Physicians prescribing ivermectin for COVID-19 despite FDA warning

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Some physicians continue to prescribe COVID-19 patients ivermectin, a drug most often used to treat parasitic worms in animals, despite warnings from the FDA that the drug should not be used to treat the virus. 

Ivermectin's use in humans is FDA approved only at very specific doses for some parasitic worms, as well as some topical formulations for head lice and skin conditions. It isn't an antiviral. 

Joseph Varon, MD, chief medical officer at United Memorial Medical Center in Houston, told the Houston Chronicle Aug. 26 that he has used ivermectin for COVID-19 patients since the start of the pandemic and since July has used it in all COVID-19 patients in the hospital. 

Dr. Varon gives patients a low dosage of ivermectin based on their weight, along with a cocktail of steroids and vitamins, the Houston Chronicle reported. He said it "makes a difference" in his patients and no one has overdosed or died in the hospital after ingesting it. 

"More importantly, my love for [ivermectin] is based on my personal use and good outcomes my patients have had,” Dr. Varon told the Houston Chronicle. "Once you see it work, it is difficult to deny its usefulness."

Paul Marik, MD, a professor of internal medicine at East Virginia Medical School, told the Houston Chronicle that a number of trials has shown ivermectin is effective against COVID-19, and claimed public health entities are recommending against it because "nobody is making money from it." 

But Dr. A. Clinton White, MD, a professor of infectious disease at University of Texas Medical Branch, told the Houston Chronicle that clinical trials that have suggested benefits from ivermectin were "deeply flawed and likely reflected biases." 

There have been no well-designed clinical trials showing ivermectin is effective at preventing or treating COVID-19 at any stage of the disease, according to the Houston Chronicle.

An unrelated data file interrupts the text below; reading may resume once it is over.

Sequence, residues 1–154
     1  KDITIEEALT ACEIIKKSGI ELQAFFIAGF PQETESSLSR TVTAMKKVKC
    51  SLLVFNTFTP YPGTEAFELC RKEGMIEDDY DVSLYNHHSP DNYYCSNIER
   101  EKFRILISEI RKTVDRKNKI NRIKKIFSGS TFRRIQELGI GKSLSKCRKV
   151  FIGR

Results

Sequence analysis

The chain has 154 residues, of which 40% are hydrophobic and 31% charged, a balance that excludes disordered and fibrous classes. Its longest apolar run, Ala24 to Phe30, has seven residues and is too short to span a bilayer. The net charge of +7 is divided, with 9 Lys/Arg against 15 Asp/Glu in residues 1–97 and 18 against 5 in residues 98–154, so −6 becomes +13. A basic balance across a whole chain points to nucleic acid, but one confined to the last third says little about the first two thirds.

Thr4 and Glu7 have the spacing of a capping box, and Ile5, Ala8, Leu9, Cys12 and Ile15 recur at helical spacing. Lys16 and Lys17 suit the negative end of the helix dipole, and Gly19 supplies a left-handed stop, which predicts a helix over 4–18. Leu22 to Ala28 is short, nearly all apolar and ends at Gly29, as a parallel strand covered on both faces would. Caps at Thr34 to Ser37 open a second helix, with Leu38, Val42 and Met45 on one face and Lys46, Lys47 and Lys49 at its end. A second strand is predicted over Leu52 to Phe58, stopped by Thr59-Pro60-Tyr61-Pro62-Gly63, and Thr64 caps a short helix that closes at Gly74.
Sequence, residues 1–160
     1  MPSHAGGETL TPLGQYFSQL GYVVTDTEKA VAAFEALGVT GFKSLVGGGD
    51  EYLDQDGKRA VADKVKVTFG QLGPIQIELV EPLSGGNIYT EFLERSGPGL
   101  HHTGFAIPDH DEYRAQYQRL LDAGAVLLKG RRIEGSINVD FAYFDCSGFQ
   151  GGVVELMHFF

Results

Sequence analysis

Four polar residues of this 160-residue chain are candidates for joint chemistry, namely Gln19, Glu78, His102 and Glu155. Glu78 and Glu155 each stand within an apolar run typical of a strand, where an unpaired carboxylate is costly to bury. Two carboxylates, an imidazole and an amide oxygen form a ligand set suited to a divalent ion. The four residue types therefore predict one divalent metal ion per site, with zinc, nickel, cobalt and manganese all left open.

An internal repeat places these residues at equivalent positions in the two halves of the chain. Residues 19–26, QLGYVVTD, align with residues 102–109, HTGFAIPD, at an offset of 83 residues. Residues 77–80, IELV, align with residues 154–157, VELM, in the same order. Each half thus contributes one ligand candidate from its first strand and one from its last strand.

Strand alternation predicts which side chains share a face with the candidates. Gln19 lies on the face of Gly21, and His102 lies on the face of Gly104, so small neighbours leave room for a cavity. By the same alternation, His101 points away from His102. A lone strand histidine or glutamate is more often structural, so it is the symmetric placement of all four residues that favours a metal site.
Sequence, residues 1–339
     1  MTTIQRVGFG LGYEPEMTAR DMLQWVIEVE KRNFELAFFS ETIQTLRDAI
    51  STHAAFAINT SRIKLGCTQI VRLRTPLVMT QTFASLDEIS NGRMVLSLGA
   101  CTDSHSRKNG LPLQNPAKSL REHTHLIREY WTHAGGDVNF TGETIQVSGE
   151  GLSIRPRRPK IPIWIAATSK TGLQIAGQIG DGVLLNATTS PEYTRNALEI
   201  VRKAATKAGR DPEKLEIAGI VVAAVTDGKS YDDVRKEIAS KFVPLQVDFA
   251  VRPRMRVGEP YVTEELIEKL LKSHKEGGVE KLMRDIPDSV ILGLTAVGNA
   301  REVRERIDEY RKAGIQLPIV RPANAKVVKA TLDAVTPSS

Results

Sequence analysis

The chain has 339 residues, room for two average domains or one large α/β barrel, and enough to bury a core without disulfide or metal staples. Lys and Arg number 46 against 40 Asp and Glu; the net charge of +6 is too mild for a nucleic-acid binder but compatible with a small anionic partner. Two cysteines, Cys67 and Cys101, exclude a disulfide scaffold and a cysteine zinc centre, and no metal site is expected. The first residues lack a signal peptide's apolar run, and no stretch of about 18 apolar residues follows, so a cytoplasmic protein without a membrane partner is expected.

In Arkansas, the state's medical board is investigating after a physician said he has prescribed ivermectin thousands of times for COVID-19 patients, CNN reported Aug. 27. 

Robert Karas, MD, a physician that treats inmates at the Washington County Jail in Fayetteville, Ark., defended his use of the drug, telling the Arkansas Democrat-Gazette: "In my medical judgment, weighing the known risks and side effect profile of ivermectin against the potential benefits supports the administration of ivermectin [which we obtained from a licensed pharmacist in dosages and compounds formulated for humans] to COVID-19 patients."

He told the TV station KFSM that he has prescribed the drug to family members and "thousands" of others, according to CNN

The FDA posted a warning Aug. 21 advising against the use of ivermectin, which is used most often to treat parasitic infections in animals, tweeting: "You are not a horse. You are not a cow. Seriously, y'all. Stop it."

The CDC warned healthcare providers and the public Aug. 26 about reports of severe illness associated with using ivermectin products to prevent or treat COVID-19. In some cases, people have ingested ivermectin products purchased without a prescription, including topical formulations and veterinary products, the CDC said. Side effects of ivermectin poisoning can range from gastrointestinal symptoms to hypotension and neurological effects.

Calls to poison control centers have been on the rise in recent months as some Americans have been self-administering ivermectin.

 

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